Outstanding Graduate for Research Sam Simons-Wellin
Sam Simons-Wellin is a mechanical engineering student being awarded an Outstanding Undergraduate for Research Award from the Paul M. Rady Department of Mechanical Engineering. Learn more about him and his accomplishments in the Q&A below.
Share about your background and what led you to study engineering?
During a break from college, I worked in both a bronze foundry in Germany and as a fixture and die fabricator for Performance Structures Inc., a manufacturer of Cloudgate in Chicago. Both of these experiences got me fascinated with advanced and novel manufacturing processes in addition to the thought, creativity and research involved in arriving at a solution to complex, multifaceted problems.
What does the award you are receiving mean to you?
I am honored to have received this award and feel that it reinforces my decision to embark upon a career as a researcher in mechanical engineering.
Have you received any other awards/honors?
In 2018, I received the Mackison Prize for Writing in Engineering. I received the Engineering Scholarship Fund Merit Scholarship from 2018 through 2019 and the College of Engineering Summer Session Incentive Award in 2018. During the first year of my PhD, I will be supported by the Chair’s Graduate Assistantship and have been selected to receive both the Dean’s Graduate Fellowship and the Vogel Family Fellowship.
Share an accomplishment from your time at CU Boulder that you are most proud of.
I am proud of the work and dedication that I have continually invested in research with TESLa and being able to continue this work as a PhD student this coming fall.
How have you gotten involved throughout your college career?
My first experience with research at CU Boulder was during an independent study in computational fluid dynamics (CFD) with Professor Peter Hamlington. This was an experience in which I was able to deepen the knowledge I gained in my conventional coursework by working one-on-one with an expert researcher and authority in the field. The summer after, I participated in the Summer Program for Undergraduate Research working together with Michael Meehan of Professor Hamlington’s Turbulence and Energy Systems Laboratory (TESLa). We designed an algorithm that efficiently computes Proper Orthogonal Decomposition (a reduced-order modeling technique in CFD) on adaptively refined meshes. This work is currently being prepared for publication. In the Fall of 2019, I was hired as a graduate research assistant with TESLa and began research involving the multi-objective optimization of CFD simulations of flame-roller systems used in polymer film flame processing systems.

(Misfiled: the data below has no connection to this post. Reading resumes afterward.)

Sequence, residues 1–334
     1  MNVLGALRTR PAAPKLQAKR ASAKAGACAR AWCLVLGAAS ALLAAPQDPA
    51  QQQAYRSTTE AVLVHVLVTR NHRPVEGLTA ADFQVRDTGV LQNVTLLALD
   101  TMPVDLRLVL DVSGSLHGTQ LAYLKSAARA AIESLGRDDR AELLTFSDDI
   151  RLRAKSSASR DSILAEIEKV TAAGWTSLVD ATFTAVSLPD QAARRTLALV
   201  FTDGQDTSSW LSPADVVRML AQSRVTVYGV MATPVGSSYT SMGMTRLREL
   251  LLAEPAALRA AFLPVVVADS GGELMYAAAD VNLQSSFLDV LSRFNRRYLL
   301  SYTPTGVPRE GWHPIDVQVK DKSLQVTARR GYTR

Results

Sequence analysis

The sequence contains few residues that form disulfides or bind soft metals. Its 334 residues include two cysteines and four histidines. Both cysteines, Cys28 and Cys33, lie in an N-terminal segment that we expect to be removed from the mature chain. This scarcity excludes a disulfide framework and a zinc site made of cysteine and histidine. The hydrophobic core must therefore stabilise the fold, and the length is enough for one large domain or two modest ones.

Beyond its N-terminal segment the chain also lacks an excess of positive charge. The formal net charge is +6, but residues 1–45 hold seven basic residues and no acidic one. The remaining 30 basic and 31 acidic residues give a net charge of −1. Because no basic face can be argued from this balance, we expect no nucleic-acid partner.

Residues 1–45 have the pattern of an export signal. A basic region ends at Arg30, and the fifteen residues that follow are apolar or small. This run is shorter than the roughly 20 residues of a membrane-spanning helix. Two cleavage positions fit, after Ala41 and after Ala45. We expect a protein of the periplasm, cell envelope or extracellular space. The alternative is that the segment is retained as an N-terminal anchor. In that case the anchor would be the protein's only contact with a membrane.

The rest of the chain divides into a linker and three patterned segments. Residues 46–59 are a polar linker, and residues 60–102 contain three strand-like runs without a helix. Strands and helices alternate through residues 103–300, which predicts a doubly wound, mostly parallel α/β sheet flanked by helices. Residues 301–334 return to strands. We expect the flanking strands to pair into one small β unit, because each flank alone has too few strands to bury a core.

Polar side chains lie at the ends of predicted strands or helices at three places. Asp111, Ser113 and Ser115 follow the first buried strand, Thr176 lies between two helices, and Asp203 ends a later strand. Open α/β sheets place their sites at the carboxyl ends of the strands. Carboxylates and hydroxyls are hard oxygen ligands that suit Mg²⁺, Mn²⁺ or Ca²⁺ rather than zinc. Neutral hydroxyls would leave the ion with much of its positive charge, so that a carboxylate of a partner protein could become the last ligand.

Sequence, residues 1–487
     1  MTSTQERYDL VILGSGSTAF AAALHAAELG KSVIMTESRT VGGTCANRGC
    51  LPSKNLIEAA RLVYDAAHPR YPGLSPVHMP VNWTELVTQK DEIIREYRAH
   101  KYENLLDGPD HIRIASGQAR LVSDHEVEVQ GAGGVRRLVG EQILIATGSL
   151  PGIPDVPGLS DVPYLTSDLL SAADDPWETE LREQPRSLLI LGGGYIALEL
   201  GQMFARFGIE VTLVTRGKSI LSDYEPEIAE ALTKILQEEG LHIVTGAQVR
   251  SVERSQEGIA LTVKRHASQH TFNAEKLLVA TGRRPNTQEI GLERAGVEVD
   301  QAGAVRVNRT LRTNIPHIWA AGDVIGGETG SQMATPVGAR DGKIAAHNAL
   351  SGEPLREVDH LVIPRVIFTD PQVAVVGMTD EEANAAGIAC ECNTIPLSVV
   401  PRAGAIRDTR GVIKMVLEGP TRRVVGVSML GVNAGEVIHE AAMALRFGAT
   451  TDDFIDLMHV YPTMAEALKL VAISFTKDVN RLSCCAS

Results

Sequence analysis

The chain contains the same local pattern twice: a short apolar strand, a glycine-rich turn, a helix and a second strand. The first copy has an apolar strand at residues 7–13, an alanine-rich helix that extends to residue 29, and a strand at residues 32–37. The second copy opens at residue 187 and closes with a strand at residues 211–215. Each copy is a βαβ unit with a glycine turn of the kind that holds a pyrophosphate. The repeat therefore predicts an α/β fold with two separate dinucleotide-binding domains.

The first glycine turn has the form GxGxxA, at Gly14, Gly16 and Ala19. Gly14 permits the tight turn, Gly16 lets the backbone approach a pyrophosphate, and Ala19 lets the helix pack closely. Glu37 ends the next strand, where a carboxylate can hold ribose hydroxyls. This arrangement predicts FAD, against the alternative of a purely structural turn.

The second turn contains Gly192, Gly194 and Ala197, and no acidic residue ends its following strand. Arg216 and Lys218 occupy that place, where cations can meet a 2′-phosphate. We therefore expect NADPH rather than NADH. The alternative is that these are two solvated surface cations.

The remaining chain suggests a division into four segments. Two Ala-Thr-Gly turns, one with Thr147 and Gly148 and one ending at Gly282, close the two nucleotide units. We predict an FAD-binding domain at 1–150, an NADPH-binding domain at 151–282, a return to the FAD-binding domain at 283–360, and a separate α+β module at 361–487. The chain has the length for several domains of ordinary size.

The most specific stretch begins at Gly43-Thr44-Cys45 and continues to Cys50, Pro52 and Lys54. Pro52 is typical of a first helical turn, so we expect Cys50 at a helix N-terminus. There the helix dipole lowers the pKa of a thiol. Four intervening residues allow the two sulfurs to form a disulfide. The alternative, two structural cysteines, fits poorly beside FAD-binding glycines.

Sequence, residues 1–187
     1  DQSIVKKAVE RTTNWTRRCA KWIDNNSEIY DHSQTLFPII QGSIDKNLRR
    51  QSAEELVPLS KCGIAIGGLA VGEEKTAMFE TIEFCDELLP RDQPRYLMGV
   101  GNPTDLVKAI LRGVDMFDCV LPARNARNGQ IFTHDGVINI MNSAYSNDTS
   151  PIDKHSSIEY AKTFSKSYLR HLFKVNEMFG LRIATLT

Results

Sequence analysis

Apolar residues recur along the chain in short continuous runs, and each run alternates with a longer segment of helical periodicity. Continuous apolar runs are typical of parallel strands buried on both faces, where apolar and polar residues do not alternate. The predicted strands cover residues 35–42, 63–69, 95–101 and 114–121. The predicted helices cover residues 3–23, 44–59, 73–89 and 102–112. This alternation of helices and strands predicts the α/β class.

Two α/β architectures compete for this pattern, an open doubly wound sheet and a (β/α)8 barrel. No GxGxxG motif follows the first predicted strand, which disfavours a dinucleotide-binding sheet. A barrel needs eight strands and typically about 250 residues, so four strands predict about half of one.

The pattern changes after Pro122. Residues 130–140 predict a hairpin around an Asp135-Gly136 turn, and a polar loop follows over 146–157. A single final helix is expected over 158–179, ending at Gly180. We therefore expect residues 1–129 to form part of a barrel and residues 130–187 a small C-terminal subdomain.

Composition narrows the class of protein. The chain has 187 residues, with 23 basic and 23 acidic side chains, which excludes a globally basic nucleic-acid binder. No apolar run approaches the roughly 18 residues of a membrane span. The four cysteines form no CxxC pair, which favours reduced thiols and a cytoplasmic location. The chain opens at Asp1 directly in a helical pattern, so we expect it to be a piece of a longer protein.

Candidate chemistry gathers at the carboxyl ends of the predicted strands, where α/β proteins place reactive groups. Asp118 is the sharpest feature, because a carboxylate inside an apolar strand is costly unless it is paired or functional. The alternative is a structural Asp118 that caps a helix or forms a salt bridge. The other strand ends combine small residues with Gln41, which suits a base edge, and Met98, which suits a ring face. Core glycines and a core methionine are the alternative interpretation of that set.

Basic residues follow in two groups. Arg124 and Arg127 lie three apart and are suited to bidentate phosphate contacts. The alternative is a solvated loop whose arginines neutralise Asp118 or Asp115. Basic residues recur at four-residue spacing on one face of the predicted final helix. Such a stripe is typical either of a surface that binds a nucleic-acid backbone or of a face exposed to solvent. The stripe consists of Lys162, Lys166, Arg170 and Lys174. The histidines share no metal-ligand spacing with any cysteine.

If you could relive any moment from your college career, what would it be?
The independent study with Professor Hamlington. The fact that this was essentially my first brush with research made this an exciting and eye-opening experience.
What do you plan to pursue post-graduation?
I will be working as a graduate R&D intern for the 3M corporation this summer investigating numerical modelling and optimization of polymer film processing systems. I will then be continuing on to the PhD program in Mechanical Engineering at CU, furthering my research with TESLa.
What is the impact you hope to have on the world?
I hope that my research involved with energy and manufacturing processes provides new physical insights to design and build more efficient systems. I also hope that I can push the field of CFD in new and valuable directions.
Any closing remarks?
I would first and foremost like to thank my advisor, Professor Peter Hamlington for his continued mentorship throughout my time at CU Boulder. I am immensely grateful to be able to continue my work with him. I would like to thank my fellow labmates in TESLa for their support and dedication to our field and research. I would like to thank Professors Greg Rieker and Debanjan Muhkerjee for their support during my graduate school application process. I thank Debbie Yeh, Kat McConnell, Andres Schemel and Andrew Angely both for my nomination for this award and for all of their assistance and guidance during my time at CU.
I would like to thank Dr. Jeffrey Knutsen for teaching a fluid mechanics class that triggered inquiry and thought beyond assignments and exams and for challenging me early in my CU career to dig deeper into the subject. I would like to thank all of the faculty at CU under whom I learned and grew and their dedication to excellence in teaching. Finally, I would like to thank the 3M Corporation for their generous gift support during the last academic year as well as Herbert Steven Vogel and Karen Elizabeth Vogel for their support in the coming year.